Varicose veins are enlarged distorted, twisted and bulging veins that are swollen and raised above the surface of the skin. There are usually blue or flesh colour and can appear like ropes under the skin. Our gallery contains images of the different types of varicose veins.
They are always more prominent in the hot weather and after long periods of standing or exercise, but tend to reduce in size with leg rest and elevation.
In most cases, they represent the distended tributaries or “branches” coming of larger malfunctioning veins (“feeder veins”). They are most common in the calves, but can be seen anywhere in the lower leg, depending on what “feeder vein” is malfunctioning.
They are always a sign of Venous Reflux/Insufficiency.
The best varicose vein treatment is not to simply remove them surgically (as some clinics do), but to eliminate the underlying source of reflux first.
Surgical stripping of veins often combined with “stab avulsion”, was the mainstay of treatment for the last century. This technique required a general anaesthetic and was associated with a long recovery time and frequent recurrence (up to 50% at 5yrs).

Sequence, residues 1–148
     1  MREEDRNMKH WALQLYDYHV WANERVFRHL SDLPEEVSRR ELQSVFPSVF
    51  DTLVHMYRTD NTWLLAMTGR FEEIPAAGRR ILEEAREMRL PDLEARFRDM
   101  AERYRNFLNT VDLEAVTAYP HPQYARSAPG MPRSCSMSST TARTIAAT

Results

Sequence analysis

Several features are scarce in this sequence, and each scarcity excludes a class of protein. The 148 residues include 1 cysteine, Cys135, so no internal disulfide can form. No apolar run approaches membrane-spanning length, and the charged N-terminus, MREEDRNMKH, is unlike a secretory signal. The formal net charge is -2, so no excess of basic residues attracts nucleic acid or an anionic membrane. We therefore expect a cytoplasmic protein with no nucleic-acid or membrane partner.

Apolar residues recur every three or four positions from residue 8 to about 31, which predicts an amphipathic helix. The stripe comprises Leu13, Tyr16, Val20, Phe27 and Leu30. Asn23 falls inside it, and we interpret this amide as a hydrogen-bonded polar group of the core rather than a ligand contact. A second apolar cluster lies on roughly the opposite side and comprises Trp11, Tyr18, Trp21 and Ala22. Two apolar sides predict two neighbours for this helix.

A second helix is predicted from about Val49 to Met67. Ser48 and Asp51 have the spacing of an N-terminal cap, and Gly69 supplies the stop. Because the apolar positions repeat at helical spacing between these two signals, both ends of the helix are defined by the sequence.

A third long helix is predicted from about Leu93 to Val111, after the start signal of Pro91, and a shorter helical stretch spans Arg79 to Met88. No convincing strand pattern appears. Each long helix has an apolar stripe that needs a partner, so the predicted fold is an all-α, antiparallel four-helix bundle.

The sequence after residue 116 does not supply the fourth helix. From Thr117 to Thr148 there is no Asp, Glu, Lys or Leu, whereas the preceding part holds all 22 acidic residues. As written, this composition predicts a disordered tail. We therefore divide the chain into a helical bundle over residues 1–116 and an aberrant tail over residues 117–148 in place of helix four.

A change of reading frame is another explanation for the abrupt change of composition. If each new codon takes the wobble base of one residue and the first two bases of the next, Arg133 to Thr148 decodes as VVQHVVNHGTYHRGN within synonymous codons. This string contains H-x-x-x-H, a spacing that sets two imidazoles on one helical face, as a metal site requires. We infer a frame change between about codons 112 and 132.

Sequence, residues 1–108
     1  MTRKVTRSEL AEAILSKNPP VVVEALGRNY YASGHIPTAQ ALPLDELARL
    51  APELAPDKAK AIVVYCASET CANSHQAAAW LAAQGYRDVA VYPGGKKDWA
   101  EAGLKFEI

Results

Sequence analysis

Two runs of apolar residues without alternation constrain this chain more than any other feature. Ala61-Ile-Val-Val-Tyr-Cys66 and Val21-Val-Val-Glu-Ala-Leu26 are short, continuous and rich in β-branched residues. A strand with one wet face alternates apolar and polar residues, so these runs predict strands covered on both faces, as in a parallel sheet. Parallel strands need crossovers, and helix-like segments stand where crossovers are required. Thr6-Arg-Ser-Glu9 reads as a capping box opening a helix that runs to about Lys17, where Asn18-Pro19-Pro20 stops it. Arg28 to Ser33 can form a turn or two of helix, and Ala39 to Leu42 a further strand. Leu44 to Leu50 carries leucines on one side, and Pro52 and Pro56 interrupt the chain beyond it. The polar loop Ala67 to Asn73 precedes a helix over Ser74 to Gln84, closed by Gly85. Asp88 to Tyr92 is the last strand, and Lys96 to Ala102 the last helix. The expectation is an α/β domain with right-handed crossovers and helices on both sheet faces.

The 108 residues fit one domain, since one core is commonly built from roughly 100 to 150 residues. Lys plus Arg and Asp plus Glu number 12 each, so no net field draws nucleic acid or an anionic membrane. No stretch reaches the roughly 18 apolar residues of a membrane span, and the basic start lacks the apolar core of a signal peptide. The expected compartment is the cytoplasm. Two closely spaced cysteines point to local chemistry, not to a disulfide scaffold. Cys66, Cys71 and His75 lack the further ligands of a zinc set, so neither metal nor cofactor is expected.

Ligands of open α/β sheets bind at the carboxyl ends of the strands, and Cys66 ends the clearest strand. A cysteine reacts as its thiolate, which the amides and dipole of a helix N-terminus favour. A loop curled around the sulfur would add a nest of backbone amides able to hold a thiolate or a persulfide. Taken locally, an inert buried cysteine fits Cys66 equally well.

In the 1960’s a Swiss dermatologist (Muller) developed a gentler approach called ambulatory phlebectomy to remove the veins under local anaesthetic. Initial results were good, but with time, new veins usually appeared to take the place of those removed. The reason being that although the visible abnormal veins were removed, the underlying source of reflux (the cause of varicose veins) was not identified and treated.
Treating varicose veins today, without a detailed ultrasound map of the malfunctioning veins, is akin to sailing across the Atlantic using the stars alone for navigation. I doubt anyone of sound mind would want to make such a trip today without all the modern navigation equipment available.
More information about the latest endovenous methods for treatment of varicose veins offered at the vein clinic can be obtained by clicking on the links below.
Endovenous Laser Ablation – Developed in 1999 and now established as the “Gold Standard”
Foam Sclerotherapy – A cheaper non-surgical alternative to laser (suitable for some patients)
Clarivein ™ – A novel non thermal closure device, commenced use in Australia in 2011
Venaseal (Glue) ™ – The newest method of sealing the vein with Glue, 1st used in Australia in Nov 2014